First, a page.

This second edition of Natural Enemies will give students, professionals, and anyone wishing to learn the basics of biological control a fully updated and thorough introduction. The book discusses the huge diversity of organisms used in the control of pests, weeds and plant pathogens, and compares the many different strategies referred to as 'biological control': the introduction of exotic natural enemies, application of predators, parasitoids, and microorganisms as biopesticides, and manipulation of the environment to enhance natural enemy populations. The authors present the ecological concepts which form the bases of biological control and discuss recent changes to make biological control safe for the environment. Case studies are included throughout, providing in-depth examples of the use of different organisms and strategies in a variety of ecosystems. A new chapter covers the current challenges; the impact of climate change, the problem of invasive species, and how biological control can aid sustainability.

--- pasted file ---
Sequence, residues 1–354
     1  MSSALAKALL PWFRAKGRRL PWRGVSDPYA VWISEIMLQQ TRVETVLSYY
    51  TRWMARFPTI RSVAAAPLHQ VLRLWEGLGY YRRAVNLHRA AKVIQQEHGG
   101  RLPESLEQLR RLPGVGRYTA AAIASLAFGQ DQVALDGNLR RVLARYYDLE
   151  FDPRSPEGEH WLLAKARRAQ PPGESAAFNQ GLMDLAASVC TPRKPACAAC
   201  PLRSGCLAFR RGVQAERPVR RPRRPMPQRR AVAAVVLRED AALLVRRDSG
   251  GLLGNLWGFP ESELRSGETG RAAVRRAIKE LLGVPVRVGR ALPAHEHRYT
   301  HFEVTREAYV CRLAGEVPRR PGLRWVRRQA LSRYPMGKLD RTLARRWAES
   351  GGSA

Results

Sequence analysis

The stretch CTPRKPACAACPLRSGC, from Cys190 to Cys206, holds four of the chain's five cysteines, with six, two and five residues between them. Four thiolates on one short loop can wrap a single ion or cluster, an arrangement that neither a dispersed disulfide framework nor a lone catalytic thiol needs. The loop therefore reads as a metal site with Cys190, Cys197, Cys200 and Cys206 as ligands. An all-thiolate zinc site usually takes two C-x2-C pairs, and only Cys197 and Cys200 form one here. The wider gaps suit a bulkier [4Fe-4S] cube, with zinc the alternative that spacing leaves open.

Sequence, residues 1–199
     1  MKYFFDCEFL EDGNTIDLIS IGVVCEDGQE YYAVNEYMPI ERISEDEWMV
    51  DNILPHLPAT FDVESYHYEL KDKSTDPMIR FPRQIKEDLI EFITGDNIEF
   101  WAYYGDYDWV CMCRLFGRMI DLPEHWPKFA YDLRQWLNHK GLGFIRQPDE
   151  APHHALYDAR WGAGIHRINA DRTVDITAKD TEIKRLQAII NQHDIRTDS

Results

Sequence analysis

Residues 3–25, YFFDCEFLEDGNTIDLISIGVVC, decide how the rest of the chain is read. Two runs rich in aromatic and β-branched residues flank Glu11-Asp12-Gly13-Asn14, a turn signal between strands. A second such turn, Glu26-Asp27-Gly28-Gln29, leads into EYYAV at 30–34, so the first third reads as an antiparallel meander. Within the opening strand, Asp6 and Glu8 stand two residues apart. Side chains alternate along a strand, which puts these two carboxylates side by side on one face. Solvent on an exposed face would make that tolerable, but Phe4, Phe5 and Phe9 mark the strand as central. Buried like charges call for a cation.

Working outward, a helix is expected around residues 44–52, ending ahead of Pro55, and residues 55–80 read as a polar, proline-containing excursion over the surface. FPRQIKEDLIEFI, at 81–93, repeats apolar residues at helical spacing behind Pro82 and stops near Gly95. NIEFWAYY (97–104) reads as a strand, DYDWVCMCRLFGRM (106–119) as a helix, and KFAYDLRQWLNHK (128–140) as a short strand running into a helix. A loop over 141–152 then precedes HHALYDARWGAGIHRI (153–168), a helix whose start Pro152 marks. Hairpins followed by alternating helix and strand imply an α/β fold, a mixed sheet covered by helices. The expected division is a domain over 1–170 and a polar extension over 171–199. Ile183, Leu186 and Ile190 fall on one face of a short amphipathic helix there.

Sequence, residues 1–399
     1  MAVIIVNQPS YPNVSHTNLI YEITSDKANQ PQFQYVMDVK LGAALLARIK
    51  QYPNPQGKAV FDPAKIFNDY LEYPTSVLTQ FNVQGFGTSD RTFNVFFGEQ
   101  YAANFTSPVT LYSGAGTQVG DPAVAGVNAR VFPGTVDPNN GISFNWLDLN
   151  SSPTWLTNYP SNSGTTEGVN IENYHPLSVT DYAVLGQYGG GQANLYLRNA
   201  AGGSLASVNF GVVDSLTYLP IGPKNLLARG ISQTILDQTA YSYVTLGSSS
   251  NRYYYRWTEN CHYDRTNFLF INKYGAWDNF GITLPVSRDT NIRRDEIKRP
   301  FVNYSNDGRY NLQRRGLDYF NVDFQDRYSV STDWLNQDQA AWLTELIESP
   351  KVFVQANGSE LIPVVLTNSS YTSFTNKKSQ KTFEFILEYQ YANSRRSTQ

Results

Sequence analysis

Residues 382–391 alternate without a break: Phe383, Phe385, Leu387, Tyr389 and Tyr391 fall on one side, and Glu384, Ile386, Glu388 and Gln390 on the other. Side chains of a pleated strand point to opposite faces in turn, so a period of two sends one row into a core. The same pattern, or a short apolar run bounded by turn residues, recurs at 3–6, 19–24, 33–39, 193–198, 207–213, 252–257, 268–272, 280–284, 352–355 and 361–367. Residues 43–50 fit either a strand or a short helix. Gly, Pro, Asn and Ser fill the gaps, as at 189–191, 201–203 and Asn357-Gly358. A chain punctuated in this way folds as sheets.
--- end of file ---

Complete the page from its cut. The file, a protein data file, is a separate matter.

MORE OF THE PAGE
Is natural gas the 'bridge' to our low-carbon future? In power generation, industrial processes, parts of the transportation sector, and for domestic use, natural gas still has the potential to play a greater role in various energy transition pathways around the world. But such a future is by no means certain. In this book, Michael Bradshaw and Tim Boersma offer a sober and balanced assessment of the place of natural gas in the global energy mix today, and the uncertainties that cloud our understanding of what that role may look like in the future. They argue that natural gas has become prominent in recent decades, spurred by two revolutions: the first has been the rise of unconventional natural gas production, and the second the coming of age of the market for liquefied natural gas (LNG). However, a third revolution is required to secure natural gas' long-term role in various energy transition pathways, as countries are increasingly pushing to address air quality concerns and curtail greenhouse gas emissions. This revolution has to take place as politicians, citizens, investors and shareholders are becoming increasingly vocal about the need to improve the environmental footprint of the fuel, while simultaneously, and perhaps paradoxically, demand for it continues to grow, in a world where geopolitical challenges seem to be mounting.